5. A constant perusal of publications that relate to Sunday School instruction, especially the details of successful exertion, would be exceedingly useful.
Any particular taste is vigorously stimulated by the perusal of books that treat of its appropriate subject. Be ever watchful therefore to meet with new information and facts illustrative of the advantages of the work in which you are engaged. You rise from reading an encouraging anecdote, with fresh eagerness. You see what others do and how they do it—thus, while you are directed, you are also excited. I recommend, with peculiar earnestness, the 'Teacher's Magazine', already alluded to in the introduction, as eminently adapted to preserve in your bosom the true spirit of your office.
6. An imitation of the best examples would promote the same end.
In every school we shall find some whose superior qualifications and zeal entitle them to be considered as models. Instead of observing them with envy, mark them with admiration, cultivate their acquaintance, and endeavor, by the glowing ardor of their spirit, to re-kindle the fervor of your own.
7. Occasionally devoting a portion of time to examine the state of the mind in reference to your duties, would be a means of improvement.
It should be impressed upon your mind, that there is in the human spirit—a lamentable propensity to lukewarmness, which can be effectually roused only by a violent and perpetual struggle with ourselves. The true spirit of religion is very powerfully assisted by extraordinary seasons of devotion. The attention is more arrested and fixed by what is unusual, than what occurs in the ordinary routine of customary engagements. Half an hour occasionally devoted to a serious examination of the state of the heart, in reference to the object you have embraced, when you could deliberately survey its magnitude, ascertain the manner in which it should be regarded, recollect the way in which it had been pursued by you—would rouse your zeal from its slumber, stimulate your heart to fresh activity, and be attended with the happiest effects.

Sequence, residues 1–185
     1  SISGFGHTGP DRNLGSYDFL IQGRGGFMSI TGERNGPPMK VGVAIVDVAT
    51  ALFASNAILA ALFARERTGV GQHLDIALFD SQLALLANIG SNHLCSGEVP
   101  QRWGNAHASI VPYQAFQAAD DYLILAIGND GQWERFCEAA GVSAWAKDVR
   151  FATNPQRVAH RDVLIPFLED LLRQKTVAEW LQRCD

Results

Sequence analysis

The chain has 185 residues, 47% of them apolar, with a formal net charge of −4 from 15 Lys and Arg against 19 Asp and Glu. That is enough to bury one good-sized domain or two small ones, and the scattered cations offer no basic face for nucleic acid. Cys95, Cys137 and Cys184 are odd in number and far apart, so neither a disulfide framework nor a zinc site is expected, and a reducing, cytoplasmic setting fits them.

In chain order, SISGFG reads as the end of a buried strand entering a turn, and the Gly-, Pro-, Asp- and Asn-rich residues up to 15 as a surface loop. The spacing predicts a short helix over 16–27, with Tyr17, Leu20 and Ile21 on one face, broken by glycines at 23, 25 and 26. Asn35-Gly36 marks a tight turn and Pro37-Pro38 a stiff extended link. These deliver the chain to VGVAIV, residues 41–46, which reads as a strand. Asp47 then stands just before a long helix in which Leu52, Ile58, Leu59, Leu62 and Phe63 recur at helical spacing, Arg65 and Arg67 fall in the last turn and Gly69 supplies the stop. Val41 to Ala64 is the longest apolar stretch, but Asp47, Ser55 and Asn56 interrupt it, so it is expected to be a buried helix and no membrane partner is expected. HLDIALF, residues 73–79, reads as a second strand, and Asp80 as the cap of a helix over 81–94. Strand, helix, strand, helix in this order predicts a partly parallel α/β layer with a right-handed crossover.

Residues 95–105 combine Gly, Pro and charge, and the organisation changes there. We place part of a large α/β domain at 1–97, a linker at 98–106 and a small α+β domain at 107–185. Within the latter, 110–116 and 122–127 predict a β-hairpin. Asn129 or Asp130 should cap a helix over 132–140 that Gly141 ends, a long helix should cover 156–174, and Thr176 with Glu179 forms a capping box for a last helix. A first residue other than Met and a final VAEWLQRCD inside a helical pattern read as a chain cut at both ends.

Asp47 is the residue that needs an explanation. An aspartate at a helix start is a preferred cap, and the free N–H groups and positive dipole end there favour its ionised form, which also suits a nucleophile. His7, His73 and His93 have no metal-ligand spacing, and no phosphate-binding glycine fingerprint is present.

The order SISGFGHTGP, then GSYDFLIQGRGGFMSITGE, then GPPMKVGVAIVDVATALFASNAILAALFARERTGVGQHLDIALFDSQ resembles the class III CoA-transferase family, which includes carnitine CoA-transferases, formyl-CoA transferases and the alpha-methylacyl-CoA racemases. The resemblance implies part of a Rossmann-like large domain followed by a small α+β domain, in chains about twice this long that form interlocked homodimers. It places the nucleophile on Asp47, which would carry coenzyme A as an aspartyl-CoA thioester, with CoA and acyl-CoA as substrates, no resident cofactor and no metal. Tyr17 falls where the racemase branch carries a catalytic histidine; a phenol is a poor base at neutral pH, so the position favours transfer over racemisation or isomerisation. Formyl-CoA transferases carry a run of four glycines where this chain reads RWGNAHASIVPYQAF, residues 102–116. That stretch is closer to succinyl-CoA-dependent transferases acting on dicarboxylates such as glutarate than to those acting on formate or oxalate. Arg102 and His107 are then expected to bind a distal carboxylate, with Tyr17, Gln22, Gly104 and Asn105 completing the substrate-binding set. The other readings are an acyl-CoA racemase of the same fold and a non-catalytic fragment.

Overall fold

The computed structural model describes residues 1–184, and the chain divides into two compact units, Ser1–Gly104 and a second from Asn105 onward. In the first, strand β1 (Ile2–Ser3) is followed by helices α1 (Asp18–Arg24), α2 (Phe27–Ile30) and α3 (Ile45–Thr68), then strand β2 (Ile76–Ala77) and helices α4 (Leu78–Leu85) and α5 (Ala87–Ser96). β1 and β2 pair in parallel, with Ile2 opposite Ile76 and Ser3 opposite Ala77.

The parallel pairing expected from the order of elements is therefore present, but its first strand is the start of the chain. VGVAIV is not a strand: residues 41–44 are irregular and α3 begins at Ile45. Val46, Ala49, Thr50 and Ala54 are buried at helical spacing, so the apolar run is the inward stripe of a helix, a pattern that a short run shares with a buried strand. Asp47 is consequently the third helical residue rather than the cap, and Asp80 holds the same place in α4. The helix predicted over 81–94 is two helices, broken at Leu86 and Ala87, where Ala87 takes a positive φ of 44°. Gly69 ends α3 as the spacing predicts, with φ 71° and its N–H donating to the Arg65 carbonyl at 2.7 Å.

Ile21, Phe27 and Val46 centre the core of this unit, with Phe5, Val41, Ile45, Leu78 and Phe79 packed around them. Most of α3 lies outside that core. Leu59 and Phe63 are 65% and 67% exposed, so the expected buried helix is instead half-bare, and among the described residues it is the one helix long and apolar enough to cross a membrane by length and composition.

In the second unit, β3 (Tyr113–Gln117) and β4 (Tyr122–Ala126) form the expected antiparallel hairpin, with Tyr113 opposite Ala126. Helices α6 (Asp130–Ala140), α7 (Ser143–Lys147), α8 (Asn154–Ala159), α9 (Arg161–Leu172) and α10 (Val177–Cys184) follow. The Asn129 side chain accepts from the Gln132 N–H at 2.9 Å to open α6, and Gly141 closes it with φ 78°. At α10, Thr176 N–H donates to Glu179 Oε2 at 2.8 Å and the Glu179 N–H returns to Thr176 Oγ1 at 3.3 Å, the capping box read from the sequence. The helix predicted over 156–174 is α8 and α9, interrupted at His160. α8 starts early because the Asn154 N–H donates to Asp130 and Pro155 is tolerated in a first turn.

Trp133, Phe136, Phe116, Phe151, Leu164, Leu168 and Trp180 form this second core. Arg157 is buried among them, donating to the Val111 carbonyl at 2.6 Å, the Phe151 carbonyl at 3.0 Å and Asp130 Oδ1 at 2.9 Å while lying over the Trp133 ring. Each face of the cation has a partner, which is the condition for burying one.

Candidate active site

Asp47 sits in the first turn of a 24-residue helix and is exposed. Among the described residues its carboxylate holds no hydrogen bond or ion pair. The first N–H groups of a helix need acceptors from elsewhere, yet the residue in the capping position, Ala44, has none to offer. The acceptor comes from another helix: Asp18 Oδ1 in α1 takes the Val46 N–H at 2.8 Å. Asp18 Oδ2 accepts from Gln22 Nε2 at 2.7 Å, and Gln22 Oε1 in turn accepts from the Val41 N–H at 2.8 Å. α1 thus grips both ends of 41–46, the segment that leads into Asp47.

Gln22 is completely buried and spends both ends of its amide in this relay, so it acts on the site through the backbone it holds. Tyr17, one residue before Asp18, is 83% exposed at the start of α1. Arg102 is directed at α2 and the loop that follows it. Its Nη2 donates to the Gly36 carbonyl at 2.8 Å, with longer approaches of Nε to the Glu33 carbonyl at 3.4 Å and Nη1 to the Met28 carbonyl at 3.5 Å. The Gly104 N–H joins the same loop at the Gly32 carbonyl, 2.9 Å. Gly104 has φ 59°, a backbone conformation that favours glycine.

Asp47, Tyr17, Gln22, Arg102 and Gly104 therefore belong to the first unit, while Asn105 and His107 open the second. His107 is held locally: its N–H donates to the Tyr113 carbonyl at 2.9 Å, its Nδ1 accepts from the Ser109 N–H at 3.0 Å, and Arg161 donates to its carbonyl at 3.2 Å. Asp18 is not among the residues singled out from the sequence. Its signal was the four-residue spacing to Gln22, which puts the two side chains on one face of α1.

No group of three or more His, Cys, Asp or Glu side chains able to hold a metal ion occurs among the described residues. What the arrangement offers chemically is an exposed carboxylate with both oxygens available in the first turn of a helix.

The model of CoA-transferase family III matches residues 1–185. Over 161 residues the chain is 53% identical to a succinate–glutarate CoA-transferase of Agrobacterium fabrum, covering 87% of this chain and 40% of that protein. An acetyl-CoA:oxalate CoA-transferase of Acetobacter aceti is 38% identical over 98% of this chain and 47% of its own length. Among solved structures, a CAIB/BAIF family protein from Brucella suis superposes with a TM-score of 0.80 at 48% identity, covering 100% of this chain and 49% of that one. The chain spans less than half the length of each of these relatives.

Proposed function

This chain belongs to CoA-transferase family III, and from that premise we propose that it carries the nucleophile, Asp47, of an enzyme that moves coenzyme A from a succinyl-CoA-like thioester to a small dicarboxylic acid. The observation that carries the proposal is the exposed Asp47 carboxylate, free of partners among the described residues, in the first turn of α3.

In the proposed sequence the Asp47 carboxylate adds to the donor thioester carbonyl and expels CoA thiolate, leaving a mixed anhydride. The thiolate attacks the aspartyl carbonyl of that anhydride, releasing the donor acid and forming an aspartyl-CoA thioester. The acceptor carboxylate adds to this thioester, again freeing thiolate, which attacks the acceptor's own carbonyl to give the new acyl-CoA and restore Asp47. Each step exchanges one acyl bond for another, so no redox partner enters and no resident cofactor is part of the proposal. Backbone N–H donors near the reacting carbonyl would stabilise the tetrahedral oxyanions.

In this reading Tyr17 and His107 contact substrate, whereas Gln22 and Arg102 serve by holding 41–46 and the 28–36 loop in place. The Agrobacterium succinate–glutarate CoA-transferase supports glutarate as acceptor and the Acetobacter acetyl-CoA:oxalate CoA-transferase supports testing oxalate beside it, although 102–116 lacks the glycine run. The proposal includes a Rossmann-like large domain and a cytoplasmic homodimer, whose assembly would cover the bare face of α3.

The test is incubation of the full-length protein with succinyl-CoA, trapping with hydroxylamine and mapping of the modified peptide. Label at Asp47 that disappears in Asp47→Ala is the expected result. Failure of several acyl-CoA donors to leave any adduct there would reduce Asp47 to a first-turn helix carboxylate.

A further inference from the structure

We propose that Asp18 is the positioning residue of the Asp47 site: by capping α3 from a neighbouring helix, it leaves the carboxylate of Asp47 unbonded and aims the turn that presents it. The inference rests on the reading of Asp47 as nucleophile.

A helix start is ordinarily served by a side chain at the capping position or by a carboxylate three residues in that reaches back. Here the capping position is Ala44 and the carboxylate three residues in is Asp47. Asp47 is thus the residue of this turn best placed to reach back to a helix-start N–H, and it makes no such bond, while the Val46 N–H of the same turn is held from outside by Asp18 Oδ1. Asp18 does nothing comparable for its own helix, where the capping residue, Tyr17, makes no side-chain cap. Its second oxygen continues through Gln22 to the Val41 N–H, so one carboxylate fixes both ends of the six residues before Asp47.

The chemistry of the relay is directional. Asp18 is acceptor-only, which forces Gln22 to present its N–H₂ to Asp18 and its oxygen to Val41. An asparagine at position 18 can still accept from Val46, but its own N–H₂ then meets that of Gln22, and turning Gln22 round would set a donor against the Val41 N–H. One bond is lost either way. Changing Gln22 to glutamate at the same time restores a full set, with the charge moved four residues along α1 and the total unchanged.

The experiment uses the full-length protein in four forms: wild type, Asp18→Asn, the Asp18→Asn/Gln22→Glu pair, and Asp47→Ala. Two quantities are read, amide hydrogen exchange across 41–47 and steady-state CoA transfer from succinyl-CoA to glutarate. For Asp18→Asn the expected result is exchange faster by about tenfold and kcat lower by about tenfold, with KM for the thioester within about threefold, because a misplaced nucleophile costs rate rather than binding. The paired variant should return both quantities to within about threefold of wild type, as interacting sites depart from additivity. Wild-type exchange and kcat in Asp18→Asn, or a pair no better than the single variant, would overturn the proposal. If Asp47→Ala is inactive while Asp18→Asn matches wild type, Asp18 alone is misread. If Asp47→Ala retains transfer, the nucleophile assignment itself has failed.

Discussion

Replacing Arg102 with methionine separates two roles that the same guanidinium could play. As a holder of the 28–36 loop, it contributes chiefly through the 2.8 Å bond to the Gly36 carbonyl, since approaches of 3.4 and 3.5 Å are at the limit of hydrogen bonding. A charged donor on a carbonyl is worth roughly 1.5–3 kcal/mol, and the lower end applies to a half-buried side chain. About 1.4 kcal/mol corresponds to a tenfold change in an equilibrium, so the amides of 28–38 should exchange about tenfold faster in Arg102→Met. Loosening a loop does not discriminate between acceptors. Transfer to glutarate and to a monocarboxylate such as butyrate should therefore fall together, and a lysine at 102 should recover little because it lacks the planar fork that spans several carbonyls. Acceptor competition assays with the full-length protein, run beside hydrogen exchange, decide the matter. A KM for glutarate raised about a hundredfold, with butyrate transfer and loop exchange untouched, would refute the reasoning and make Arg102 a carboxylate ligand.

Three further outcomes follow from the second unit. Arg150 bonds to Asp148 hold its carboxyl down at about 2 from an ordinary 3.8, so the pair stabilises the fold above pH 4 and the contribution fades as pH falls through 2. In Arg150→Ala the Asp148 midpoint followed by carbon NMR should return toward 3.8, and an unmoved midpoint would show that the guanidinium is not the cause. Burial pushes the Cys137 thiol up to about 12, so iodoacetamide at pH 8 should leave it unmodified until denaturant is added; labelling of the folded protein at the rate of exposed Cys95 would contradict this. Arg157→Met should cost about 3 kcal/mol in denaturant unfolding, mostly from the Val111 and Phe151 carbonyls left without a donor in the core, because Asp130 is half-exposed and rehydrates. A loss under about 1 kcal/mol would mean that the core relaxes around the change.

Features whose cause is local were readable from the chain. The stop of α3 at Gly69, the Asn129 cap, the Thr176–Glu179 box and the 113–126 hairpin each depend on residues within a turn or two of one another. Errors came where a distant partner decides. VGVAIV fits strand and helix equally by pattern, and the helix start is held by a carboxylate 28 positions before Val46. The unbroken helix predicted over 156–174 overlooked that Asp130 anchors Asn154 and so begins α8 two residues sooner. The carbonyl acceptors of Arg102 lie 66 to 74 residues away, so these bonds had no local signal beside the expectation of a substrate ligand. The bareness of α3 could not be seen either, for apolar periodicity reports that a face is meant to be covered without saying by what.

To all that I have enjoined, should be added a constant supplication at the throne of divine grace, that God, by his Holy Spirit, would keep alive in your heart those feelings of holy benevolence and pious zeal in which the spirit of the office essentially consists.